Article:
Arkansas voters will get to decide whether to toughen the requirements to place a constitutional amendment on the ballot through the petition process after the state House gave final approval to the measure Friday.
Senate Joint Resolution 16 would require that signatures be 75 percent correct for petitioners to receive additional time to collect the full, required number of signatures.
Representative Jeremy Gillam, R-Judsonia, said the amendment is needed in light of a high number of fake or incorrect names that were turned in on petitions before the last election.
“I think that’s what is important here, that the citizens of Arkansas are who signs the petitions, and it’s not people just going through phone books, or just putting down cartoon characters,” Gillam said.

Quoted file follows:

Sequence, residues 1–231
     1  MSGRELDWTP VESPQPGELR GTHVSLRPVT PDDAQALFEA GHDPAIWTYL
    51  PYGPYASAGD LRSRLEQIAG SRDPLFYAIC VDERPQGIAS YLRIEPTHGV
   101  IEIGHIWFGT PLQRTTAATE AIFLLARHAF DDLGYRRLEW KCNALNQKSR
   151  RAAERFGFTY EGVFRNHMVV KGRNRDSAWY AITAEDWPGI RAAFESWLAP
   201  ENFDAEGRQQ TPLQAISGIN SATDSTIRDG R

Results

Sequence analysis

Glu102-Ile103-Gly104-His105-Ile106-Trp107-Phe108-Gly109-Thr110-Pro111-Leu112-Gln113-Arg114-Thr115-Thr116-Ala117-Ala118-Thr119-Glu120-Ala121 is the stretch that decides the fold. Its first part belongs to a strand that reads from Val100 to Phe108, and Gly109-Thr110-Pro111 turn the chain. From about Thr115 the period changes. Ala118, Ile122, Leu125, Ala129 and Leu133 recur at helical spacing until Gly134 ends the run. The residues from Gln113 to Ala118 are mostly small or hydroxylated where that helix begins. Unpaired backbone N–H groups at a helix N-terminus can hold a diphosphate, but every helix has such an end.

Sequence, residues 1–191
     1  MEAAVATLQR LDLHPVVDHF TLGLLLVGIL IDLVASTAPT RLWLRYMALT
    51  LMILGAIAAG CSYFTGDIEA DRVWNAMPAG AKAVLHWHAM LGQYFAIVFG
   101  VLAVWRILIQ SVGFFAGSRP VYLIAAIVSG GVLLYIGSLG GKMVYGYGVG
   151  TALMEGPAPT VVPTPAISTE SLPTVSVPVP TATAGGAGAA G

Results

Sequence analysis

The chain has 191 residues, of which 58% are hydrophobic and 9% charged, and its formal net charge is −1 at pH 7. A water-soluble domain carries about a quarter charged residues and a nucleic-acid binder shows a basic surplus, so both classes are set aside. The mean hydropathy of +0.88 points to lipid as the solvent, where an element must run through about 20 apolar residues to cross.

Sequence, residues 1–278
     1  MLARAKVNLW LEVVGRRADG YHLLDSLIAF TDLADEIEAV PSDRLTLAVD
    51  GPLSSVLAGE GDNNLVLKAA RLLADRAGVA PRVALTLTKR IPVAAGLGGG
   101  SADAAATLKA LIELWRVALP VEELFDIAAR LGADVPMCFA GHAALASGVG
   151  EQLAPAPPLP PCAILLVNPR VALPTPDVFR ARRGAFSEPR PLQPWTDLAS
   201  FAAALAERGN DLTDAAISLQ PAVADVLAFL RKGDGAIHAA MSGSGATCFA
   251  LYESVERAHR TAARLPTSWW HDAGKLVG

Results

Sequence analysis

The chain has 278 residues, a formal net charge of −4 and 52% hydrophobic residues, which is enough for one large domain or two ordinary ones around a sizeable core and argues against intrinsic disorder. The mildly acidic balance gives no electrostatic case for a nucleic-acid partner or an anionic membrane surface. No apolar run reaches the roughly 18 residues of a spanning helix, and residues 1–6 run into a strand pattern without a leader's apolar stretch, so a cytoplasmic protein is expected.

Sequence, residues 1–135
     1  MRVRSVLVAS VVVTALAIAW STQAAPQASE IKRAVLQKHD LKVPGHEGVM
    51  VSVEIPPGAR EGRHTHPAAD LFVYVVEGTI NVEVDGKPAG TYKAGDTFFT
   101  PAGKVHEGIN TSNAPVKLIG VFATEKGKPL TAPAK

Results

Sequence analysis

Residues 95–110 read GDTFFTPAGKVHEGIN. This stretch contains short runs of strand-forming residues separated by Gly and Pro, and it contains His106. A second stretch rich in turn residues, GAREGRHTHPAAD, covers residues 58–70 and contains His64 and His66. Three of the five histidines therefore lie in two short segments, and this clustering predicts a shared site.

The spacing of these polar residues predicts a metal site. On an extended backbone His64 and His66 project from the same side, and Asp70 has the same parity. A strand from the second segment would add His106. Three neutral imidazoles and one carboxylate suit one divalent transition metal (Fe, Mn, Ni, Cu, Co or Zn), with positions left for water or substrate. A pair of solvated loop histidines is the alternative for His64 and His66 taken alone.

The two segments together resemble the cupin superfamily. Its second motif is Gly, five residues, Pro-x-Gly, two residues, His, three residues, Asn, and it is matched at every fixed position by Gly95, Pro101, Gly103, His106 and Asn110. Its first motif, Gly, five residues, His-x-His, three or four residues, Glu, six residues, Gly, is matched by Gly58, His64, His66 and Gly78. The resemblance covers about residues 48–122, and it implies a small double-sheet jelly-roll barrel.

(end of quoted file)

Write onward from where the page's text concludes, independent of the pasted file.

Opponents of the measure, like Republican Representative Bob Ballinger of Hindsville say it would make it too hard for individuals to get a proposal on the ballot.
“This is one area where people can touch government and can affect government and the only reason for this is to make it harder for them to do that,” Ballinger said.
The proposal has drawn both support and opposition from Democrats and Republicans. The ACLU of Arkansas and the Family Council have both opposed the measure.
It will be part of the legislature’s package of up to three constitutional amendments lawmakers can place on the ballot for voter approval.